Tuesday, 1 July 2014

One Week, One Pattern 2014!!!




Exciting announcement time!!! OWOP is BACK!!!!!  If you haven't a clue what I'm on about, OWOP, (or to give it its full title: One Week, One Pattern) is a group challenge where participants wear garments made from just one pattern of their choice, every day for a week. The original One Week One Pattern challenge happened in 2012 and was the brainchild of Tilly and the Buttons. Now you may have noticed that Tilly has been just a teeny, tiny bit busy of late, so she’s graciously handed the baton over to ME!  I loved OWOP the first time round and I’m thrilled to be running the show this year



The starting point of OWOP is the pattern. We all have special sewing patterns that just seem to work for us. It could be that they fit well, they’re flattering, they're easy to sew and wear, or in some cases ALL of these things! It’s precisely because they work so well for us that we sew them again and again. The idea behind OWOP is to celebrate these super-hero sewing patterns by dedicating a whole week to them. It’s also an opportunity to really think about your own individual look and stretch your styling skills with your handmade wardrobe. Think of the infinite mix and match possibilities on offer - how creative can you get styling multiple versions of the same garment? The number of versions of your pattern you choose to wear/sew is entirely up to you - anything goes! It will also be really interesting to discover which patterns people decide to showcase. 


I’ll be publishing a separate post shortly where you can sign up for the challenge and which will give full details and hopefully answer any questions you have. Today’s post is just to announce the date and confirm that it’s happening (yay!!). So, just to make it official, One Week One Pattern 2014 will run from SATURDAY 6th TO FRIDAY 13th SEPTEMBER 2014.  Oh yes, and there’ll be guest posts from your favourite bloggers, the odd badly drawn graph and prizes aplenty. I really hope a few of you will join me! Can’t wait! x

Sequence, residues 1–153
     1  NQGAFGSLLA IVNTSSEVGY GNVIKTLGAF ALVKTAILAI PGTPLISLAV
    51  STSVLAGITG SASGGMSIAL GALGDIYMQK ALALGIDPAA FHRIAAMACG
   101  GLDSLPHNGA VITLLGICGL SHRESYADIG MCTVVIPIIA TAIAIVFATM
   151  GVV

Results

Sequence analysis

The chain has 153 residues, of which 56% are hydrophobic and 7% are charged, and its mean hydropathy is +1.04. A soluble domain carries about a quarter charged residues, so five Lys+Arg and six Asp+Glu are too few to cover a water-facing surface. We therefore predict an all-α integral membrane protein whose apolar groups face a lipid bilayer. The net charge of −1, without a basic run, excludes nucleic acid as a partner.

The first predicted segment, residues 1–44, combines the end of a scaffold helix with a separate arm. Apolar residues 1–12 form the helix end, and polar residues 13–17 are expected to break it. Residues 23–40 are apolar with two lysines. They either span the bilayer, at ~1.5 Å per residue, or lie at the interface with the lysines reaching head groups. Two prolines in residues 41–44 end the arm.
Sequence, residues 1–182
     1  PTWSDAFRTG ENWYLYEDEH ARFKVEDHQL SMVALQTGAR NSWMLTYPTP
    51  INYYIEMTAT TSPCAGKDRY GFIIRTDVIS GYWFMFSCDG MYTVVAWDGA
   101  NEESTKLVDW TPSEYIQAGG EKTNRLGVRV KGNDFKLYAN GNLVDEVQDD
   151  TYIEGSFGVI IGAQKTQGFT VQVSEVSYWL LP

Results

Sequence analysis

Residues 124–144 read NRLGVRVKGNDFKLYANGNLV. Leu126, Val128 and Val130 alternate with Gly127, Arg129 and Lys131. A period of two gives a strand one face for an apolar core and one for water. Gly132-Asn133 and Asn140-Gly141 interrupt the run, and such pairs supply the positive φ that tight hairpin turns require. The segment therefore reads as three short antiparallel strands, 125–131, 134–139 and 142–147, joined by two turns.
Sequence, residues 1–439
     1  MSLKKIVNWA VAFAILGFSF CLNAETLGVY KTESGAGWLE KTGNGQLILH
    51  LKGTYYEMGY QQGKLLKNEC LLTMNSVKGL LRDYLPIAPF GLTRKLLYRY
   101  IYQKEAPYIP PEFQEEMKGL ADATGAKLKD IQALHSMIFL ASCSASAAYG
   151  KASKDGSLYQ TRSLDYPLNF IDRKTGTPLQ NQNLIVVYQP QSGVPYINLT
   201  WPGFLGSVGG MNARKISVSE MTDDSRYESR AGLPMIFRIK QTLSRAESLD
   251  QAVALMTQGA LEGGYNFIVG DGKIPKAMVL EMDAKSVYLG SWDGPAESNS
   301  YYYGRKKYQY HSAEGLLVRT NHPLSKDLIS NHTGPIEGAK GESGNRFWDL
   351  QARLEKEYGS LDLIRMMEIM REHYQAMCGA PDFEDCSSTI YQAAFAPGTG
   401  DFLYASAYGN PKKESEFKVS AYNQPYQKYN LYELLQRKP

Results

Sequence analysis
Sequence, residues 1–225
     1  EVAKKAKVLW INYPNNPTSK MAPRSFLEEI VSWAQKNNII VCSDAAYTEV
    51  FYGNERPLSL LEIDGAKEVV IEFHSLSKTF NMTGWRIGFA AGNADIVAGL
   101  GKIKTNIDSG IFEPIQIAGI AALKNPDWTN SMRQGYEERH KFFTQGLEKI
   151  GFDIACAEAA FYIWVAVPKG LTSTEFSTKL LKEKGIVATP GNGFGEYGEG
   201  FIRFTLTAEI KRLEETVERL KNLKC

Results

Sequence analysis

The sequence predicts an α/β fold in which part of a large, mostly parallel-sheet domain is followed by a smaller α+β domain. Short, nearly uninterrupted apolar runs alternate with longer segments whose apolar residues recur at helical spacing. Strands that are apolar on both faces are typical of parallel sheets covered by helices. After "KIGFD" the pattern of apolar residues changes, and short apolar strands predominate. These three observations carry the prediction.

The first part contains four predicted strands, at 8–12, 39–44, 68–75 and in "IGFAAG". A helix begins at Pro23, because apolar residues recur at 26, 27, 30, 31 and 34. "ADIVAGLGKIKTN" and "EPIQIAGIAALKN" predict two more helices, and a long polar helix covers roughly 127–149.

Friday, 27 June 2014

Bronte Top



Long ago (about 15 years), I found my perfect plain white T-shirt in the bargain bin of a posh London shop. It was, without doubt, my favourite and most flattering white T shirt ever. It was made from a pretty thin jersey though, so barely lasted more than two summers. The thing that made it different to other T-shirts was its neckline. It had an overlapping section on either side of the neck, that joined to the shoulder seams. I've since discovered that this shrug style detail is seen a lot in 1940's fashions. And babies vests of course!


Imagine my delight when Jennifer Lauren released her second pattern - the Bronte Top - featuring this very shoulder detail. Jen kindly sent me the PDF pattern to try, and my first thought was to recreate my favourite T shirt. Once I'd cut it out, it only took a couple of hours of very leisurely sewing to complete. I followed the instruction diagrams exactly and the shoulder details slotted into place first time, it really was easy to sew. I sewed about 90% of it on my overlocker and finished all the bound edges and hems with a double needle. The pattern is multi-sized from 6 to 20 - I went for a straight size 12 all over and made no adjustments. Looking at these photos I could probably have done with a bit more room across the bust, but it doesn't bother me. I personally like my T shirts to be quite tight fitting, so I'll be wearing the hell out of it.

For fabric, I used a white jersey knit from UK Fabrics Online, which is described as heavyweight, but is actually quite a light weight for a summer T-shirt. At £3.99 a metre, the quality is quite basic, so my plan was to use it for a test garment to check the fit. Once I'd finished the top and tried it on however it looked fab, a tiny bit transparent maybe, but nothing a good T-shirt bra can't handle! For a more robust jersey, take a look at the Interlock knits from The Village Haberdashery. They're reasonably thick, so probably not high summer weight, but ideal for any other time of year.


Admittedly I've made the plainest possible version of this pattern (sorry about that!) but it would also look lovely in a bright solid or patterned knit.  You can add interest by using a contrast binding (see Zoe's gorgeous version here) or sew buttons on the shoulders. And there's a long sleeved option - yippee! I can really see this pattern becoming a wardrobe basic - I need a plain cream one … and a navy one …and maybe another white one…In short I love this top, it's easy to sew and looks ace - I plan to make hundreds of them. That's all! If you like the look of it too, the pattern is available to buy here.

Have a good day! x


Thursday, 26 June 2014

Capital Chic Patterns